TOTD #92: Session Failover for Rails applications running on GlassFish


The GlassFish High Availability allows to setup a cluster of GlassFish instances and achieve highly scalable architecture using in-memory session state replication. This cluster can be very easily created and tested using the "clusterjsp" sample bundled with GlassFish. Here are some clustering related entries published on this blog so far:
  • TOTD #84 shows how to setup Apache + mod_proxy balancer for Ruby-on-Rails load balancing
  • TOTD #81 shows how to use nginx to front end a cluster of GlassFish Gems
  • TOTD #69 explains how a GlassFish cluster can be front-ended using Sun Web Server and Load Balancer Plugin
  • TOTD #67 shows the same thing using Apache httpd + mod_jk
#67 & #69 uses a web application "clusterjsp" (bundled with GlassFish) that uses JSP to demonstrate in-memory session replication state replication. This blog creates a similar application "clusterrails" - this time using Ruby-on-Rails and deploy it on GlassFish v2.1.1. The idea is to demonstrate how Rails applications can leverage the in-memory session replication feature of GlassFish.

Rails applications can be easily deployed as a WAR file on GlassFish v2 as explained in TOTD #73. This blog will guide through the steps of creating the Controller and View to mimic "clusterjsp" and configuring the Rails application for session replication.
  1. Create a template Rails application and create/migrate the database. Add a Controller/View as:

    ~/samples/jruby/session >~/tools/jruby/bin/jruby script/generate controller home index
    JRuby limited openssl loaded. gem install jruby-openssl for full support.
    http://wiki.jruby.org/wiki/JRuby_Builtin_OpenSSL
          exists  app/controllers/
          exists  app/helpers/
          create  app/views/home
          exists  test/functional/
          create  test/unit/helpers/
          create  app/controllers/home_controller.rb
          create  test/functional/home_controller_test.rb
          create  app/helpers/home_helper.rb
          create  test/unit/helpers/home_helper_test.rb
          create  app/views/home/index.html.erb

  2. Edit the controller in "app/controllers/home_controller.rb" and change the code to (explained below):

    class HomeController < ApplicationController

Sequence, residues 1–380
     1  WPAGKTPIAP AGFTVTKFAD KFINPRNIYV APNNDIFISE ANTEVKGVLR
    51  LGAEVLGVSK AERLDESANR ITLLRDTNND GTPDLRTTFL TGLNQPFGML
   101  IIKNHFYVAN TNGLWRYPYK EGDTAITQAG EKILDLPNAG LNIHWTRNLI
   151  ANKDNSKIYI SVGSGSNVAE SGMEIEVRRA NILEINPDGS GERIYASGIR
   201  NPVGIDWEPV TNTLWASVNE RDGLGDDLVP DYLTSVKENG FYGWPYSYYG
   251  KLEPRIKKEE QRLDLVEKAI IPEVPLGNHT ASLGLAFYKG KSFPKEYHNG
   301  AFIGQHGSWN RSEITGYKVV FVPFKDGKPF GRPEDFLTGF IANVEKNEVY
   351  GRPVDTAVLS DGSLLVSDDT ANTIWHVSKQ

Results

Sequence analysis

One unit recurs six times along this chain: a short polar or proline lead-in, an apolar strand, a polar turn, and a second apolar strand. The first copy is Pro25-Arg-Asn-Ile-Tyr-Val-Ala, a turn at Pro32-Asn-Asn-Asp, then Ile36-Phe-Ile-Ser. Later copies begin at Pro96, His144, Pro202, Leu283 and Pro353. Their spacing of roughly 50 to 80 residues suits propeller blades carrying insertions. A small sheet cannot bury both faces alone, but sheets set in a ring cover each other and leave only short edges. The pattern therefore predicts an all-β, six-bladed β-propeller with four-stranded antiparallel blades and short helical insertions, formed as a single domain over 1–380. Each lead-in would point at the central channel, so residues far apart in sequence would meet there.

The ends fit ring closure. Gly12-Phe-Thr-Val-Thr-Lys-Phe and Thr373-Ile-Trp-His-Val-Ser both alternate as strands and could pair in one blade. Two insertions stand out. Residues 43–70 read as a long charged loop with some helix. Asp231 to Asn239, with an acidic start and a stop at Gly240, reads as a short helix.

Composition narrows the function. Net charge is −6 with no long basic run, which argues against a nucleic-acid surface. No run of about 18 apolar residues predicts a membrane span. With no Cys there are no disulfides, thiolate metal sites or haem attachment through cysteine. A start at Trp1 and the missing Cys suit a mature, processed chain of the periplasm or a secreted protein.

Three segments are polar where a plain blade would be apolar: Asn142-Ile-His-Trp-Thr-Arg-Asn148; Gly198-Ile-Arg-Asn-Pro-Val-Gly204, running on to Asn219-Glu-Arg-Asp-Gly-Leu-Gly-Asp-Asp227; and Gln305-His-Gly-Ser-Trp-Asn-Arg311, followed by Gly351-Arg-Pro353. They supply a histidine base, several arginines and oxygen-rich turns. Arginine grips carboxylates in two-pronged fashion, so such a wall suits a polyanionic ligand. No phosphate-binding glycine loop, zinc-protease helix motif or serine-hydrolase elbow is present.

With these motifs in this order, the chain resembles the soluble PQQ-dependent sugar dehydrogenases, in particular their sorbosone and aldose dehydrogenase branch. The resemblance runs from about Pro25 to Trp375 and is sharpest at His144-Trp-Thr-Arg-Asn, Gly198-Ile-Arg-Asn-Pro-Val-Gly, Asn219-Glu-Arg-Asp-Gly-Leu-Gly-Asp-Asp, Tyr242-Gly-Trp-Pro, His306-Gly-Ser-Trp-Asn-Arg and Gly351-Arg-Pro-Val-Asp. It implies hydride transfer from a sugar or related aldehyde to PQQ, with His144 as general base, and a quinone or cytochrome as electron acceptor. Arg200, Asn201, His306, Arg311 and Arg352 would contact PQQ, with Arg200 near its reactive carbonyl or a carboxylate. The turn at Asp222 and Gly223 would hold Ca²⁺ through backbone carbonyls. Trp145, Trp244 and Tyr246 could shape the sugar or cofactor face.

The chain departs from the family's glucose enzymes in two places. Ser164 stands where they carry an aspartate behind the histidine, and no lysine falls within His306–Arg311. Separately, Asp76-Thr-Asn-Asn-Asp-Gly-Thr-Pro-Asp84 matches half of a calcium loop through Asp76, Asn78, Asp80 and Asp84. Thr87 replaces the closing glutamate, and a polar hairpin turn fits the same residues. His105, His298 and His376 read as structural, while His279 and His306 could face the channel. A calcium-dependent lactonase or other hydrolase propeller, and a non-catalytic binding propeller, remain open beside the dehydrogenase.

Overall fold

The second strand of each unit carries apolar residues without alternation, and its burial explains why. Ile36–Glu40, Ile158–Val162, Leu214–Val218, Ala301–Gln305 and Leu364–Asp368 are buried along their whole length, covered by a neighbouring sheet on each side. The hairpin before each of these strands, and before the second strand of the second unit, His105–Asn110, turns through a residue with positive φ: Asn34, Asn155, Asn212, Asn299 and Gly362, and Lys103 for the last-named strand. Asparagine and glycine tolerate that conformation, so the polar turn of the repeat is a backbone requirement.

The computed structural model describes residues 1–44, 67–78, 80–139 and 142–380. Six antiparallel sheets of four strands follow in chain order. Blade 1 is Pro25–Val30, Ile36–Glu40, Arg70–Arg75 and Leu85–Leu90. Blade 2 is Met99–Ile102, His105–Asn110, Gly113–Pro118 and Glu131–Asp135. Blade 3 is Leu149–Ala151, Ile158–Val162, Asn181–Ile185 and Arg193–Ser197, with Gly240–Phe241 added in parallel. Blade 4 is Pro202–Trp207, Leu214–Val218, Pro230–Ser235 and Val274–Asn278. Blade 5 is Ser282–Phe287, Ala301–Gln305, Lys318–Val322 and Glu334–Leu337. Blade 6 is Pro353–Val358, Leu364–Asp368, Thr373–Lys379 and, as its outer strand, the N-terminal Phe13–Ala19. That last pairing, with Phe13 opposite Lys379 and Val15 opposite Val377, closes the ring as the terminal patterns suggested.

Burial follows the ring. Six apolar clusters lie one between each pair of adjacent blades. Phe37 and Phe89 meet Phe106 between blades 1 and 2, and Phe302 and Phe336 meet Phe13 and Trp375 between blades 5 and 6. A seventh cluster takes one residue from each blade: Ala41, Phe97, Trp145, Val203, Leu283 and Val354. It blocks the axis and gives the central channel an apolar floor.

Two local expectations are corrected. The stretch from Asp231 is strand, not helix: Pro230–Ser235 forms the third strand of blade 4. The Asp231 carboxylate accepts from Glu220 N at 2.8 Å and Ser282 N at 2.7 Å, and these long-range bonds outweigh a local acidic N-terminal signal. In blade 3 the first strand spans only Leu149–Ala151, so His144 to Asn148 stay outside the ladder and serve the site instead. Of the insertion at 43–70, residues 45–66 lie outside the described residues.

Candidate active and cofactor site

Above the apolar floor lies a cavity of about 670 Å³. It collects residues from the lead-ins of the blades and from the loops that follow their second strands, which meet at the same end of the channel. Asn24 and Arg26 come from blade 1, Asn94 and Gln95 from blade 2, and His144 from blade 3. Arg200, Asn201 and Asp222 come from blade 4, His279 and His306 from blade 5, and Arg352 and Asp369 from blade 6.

include Java

      def index
        @server_served = servlet_request.get_server_name
        @port = servlet_request.get_server_port
        @instance = java.lang.System.get_property "com.sun.aas.instanceName"
        @server_executed = java.net.InetAddress.get_local_host().get_host_name()
        @ip = java.net.InetAddress.get_local_host().get_host_address
        @session_id = servlet_request.session.get_id
        @session_created = servlet_request.session.get_creation_time
        @session_last_accessed = servlet_request.session.get_last_accessed_time
        @session_inactive = servlet_request.session.get_max_inactive_interval

        if (params[:name] != nil)
          servlet_request.session[params[:name]] = params[:value]
        end

        @session_values = ""
        value_names = servlet_request.session.get_attribute_names
        unless (value_names.has_more_elements)
          @session_values = "<br>No parameter entered for this request"
        else
            @session_values << "<UL>"
            while (value_names.has_more_elements)
                param = value_names.next_element
                unless (param.starts_with?("__"))
                  value = servlet_request.session.get_attribute(param)
                  @session_values << "<LI>" + param + " = " + value + "</LI>"
                end
            end
            @session_values << "</UL>"
        end

      end

      def adddata
        servlet_request.session.set_attribute(params[:name], params[:value])
        render :action => "index"